U.S. Supreme Court: Alabama Court Must Recognize Lesbian Adoption—For Now

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U.S. Supreme Court: Alabama Court Must Recognize Lesbian Adoption—For Now

Imani Gandy

The Alabama Supreme Court held there was nothing in the case to show that Georgia law allowed same-sex parents to adopt, since Georgia prohibits what is known as “second-parent adoptions.”

The U.S. Supreme Court on Monday sided with an Alabama lesbian mother who has tried to obtain visitation rights with her children.

The mother filed an emergency application requesting that the Court stay an Alabama Supreme Court order refusing to recognize the adoption of her three children. The mother will be able to have visitation rights with her children pending the Roberts Court’s consideration of her case.

The case involves two women in a long-term relationship who had three children through donor insemination. To ensure that both women would have secure parental rates, V.L., the non-biological mother, adopted the children in Georgia in 2007, according to court documents. The biological mother participated in the adoption process and consented to the adoptions in writing. When the relationship between the two parents later soured, the biological mother prevented the adoptive mother from seeing the children, arguing that the Georgia adoption was invalid in Alabama, where they live.

The Alabama Supreme Court agreed with the biological mother, ruling that Alabama was not required to respect the adoption because, according to the Alabama Supreme Court justices, the Georgia court didn’t properly apply Georgia law when it granted the adoption.

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Georgia courts failed to first terminate the parental rights of the biological mother before proceeding with the adoption as required by Georgia law, according to the Alabama Supreme Court.

The Alabama Supreme Court held there was nothing in the case to show that Georgia law allowed same-sex parents to adopt, since Georgia prohibits what is known as “second-parent adoptions.” A second-parent adoption is an adoption of a child having one living parent, in which that parent retains all of her parental rights and consents to some other person, often her spouse, partner, or friend adopting the child as a second parent.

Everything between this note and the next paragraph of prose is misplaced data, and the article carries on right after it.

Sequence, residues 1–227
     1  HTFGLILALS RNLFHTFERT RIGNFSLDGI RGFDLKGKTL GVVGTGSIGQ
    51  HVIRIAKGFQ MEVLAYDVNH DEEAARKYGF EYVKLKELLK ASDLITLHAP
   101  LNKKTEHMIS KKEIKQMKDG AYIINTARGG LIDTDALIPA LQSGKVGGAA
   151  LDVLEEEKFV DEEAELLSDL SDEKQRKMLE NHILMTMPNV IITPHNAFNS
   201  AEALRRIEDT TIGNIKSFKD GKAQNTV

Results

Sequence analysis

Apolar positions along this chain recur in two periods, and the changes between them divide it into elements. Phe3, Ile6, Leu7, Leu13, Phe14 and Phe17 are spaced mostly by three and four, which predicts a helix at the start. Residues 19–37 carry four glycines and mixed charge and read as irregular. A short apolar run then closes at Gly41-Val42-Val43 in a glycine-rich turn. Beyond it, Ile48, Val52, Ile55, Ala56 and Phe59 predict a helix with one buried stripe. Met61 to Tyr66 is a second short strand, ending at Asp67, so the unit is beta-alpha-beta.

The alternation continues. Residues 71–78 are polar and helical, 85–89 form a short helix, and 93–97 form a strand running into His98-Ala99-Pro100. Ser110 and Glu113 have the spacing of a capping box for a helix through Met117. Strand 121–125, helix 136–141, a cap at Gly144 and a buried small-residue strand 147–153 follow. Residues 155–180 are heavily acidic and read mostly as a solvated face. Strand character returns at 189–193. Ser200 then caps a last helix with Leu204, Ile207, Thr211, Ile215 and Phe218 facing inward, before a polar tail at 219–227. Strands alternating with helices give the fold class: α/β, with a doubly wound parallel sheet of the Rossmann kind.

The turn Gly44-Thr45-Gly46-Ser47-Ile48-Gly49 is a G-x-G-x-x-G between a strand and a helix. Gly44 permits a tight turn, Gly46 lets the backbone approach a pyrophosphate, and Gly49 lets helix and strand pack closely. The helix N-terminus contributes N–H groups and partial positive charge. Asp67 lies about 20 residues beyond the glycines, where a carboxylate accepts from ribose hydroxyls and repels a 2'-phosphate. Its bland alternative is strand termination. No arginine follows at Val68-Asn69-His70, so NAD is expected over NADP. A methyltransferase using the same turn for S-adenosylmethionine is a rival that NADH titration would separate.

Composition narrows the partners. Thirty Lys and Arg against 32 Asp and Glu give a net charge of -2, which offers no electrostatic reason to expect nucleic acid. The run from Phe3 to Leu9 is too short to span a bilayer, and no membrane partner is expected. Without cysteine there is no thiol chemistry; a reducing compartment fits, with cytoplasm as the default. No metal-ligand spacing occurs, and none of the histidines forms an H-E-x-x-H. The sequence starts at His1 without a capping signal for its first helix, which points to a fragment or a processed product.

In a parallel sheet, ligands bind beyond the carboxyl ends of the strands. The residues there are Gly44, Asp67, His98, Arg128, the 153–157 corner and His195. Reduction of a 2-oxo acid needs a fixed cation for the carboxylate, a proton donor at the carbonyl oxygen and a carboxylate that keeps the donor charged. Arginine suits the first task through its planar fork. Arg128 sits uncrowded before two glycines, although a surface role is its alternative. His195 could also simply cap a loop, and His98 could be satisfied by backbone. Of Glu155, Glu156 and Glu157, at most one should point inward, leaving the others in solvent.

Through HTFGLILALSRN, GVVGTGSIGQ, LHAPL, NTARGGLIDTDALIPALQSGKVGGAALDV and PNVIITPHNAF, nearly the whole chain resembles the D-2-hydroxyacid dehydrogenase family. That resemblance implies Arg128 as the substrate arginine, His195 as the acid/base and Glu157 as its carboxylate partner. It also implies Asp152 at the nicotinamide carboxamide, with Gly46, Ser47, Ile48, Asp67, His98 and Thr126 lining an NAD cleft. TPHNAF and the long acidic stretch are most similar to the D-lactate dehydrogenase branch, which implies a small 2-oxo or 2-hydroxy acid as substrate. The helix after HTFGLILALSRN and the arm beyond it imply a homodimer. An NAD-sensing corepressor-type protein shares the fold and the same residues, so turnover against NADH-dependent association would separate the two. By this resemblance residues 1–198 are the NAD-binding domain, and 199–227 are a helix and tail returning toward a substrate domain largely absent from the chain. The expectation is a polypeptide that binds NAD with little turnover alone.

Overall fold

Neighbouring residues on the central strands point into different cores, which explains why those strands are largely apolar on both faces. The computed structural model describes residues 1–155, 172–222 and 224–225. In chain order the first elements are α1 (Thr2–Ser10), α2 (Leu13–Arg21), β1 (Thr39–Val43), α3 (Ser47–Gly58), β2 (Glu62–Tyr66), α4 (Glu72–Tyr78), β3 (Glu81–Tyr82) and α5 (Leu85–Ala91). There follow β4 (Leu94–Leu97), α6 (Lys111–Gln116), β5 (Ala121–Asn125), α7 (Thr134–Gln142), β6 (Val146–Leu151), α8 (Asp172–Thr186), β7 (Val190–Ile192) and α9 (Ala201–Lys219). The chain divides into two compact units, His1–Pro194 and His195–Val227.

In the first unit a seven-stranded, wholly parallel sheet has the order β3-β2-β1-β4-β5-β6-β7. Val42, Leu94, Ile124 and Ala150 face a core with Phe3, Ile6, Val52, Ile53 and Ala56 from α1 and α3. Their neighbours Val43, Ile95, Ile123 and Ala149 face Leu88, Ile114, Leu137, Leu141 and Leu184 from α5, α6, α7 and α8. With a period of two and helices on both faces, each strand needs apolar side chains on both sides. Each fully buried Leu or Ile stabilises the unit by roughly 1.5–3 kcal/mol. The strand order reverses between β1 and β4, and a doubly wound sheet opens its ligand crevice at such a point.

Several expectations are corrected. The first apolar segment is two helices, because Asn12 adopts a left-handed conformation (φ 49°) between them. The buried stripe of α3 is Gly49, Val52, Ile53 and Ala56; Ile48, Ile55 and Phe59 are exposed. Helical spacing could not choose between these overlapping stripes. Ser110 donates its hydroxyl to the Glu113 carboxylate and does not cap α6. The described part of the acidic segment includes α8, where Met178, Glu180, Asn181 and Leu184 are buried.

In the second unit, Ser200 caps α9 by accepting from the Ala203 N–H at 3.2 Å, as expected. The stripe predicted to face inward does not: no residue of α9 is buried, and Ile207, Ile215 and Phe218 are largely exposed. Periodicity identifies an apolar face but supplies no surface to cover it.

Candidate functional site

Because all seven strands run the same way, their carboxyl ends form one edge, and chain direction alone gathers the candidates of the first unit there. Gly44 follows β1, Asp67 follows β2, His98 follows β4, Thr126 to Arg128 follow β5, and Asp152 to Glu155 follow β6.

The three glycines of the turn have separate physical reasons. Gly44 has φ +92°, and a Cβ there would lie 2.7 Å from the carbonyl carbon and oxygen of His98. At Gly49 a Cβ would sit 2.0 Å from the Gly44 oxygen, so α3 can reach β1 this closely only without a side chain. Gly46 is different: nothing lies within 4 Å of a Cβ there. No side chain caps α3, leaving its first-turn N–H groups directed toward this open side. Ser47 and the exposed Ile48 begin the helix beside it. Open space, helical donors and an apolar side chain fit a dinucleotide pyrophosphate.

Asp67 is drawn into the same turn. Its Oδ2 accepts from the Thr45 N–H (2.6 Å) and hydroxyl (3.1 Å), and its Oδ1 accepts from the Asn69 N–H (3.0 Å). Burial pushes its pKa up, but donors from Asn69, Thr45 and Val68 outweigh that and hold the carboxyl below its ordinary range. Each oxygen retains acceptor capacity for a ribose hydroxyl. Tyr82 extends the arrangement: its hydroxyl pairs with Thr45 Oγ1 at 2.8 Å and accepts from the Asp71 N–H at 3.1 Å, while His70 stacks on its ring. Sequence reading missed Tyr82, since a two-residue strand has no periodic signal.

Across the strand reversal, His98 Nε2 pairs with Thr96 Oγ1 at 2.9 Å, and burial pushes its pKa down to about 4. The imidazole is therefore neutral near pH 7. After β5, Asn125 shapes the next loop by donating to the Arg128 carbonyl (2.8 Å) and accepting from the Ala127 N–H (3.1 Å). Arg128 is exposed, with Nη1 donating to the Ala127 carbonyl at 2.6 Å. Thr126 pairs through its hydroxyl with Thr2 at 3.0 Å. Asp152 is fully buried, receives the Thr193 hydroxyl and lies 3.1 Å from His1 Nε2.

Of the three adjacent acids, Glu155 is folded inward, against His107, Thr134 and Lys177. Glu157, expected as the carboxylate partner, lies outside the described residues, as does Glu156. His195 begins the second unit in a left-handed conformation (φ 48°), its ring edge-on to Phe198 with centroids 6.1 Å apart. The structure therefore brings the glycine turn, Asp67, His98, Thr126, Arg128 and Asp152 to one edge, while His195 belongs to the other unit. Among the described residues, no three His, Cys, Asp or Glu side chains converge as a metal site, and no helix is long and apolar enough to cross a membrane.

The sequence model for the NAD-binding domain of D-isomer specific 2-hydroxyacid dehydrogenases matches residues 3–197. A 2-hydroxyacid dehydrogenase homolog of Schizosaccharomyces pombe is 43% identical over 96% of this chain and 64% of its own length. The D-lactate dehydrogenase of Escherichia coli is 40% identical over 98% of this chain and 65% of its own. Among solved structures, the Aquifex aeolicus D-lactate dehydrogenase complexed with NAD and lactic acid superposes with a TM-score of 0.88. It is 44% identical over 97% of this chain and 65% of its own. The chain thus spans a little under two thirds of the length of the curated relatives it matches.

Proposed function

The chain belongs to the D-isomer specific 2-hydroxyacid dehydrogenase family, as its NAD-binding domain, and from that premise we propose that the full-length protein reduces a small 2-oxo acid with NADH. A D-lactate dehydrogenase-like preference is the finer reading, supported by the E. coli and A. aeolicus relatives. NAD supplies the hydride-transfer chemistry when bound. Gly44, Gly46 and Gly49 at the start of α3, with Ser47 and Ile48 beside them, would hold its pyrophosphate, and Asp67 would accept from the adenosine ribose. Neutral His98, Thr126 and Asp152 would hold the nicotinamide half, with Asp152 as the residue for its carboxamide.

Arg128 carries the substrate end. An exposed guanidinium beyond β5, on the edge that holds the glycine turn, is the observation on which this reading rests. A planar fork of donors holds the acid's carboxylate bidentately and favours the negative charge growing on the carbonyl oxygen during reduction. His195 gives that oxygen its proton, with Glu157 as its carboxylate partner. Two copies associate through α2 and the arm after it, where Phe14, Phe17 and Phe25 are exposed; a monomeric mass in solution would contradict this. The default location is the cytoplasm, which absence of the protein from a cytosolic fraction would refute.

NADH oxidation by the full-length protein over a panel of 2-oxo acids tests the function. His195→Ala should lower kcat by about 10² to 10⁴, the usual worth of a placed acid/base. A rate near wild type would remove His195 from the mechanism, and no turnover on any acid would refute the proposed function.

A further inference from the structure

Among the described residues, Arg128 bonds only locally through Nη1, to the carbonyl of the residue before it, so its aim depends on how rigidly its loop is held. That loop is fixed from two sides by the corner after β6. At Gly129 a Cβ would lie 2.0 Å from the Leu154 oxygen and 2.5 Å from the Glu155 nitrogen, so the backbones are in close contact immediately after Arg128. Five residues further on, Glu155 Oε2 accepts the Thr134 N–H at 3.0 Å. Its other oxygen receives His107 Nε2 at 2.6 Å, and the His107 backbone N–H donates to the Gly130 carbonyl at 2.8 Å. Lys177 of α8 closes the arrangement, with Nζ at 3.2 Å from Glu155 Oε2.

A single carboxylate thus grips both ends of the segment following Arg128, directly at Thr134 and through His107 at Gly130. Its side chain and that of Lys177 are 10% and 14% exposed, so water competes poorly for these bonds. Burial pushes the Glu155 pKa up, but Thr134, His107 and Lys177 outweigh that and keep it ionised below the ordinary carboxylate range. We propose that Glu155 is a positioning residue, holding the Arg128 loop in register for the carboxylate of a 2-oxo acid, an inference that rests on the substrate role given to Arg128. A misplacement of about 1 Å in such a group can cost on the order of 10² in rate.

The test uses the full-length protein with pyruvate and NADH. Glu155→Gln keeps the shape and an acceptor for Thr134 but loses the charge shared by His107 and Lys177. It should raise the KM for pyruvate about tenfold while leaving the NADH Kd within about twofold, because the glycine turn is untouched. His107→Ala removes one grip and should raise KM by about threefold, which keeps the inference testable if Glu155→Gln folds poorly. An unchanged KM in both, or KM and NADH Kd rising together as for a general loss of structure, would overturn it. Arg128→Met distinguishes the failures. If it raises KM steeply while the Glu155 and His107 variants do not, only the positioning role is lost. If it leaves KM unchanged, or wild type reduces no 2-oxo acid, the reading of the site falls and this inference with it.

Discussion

V.L., in her emergency application to the U.S. Supreme Court, noted that the Alabama Supreme Court’s decision is unprecedented.

Before the ruling in question, no state supreme court had refused to recognize a same-sex parent’s adoption from another state—or any out-of-state adoption—based on a disagreement with how the court issuing the adoption interpreted its own adoption laws, according to a statement from the National Center for Lesbian Rights, the advocacy group representing V.L.

Under the full faith and credit doctrine, states are required to respect court judgments, including adoption orders, issued by courts in other states.

Supreme Court Justice Clarence Thomas referred V.L.’s emergency application to the entire court, which granted her request to stay the Alabama court order.

“I’m overjoyed that my children and I will be able to be together again,” V.L. said in a statement. “It’s been so long—more time that I ever thought I could bear—since we have been able to be together and just do the everyday things that parents do with their children, like having dinner together and helping them with their homework. I adopted my children more than eight years ago to be sure that I could always be there to protect them. This terrible Alabama decision has hurt my family and will hurt so many other families if it is not corrected.”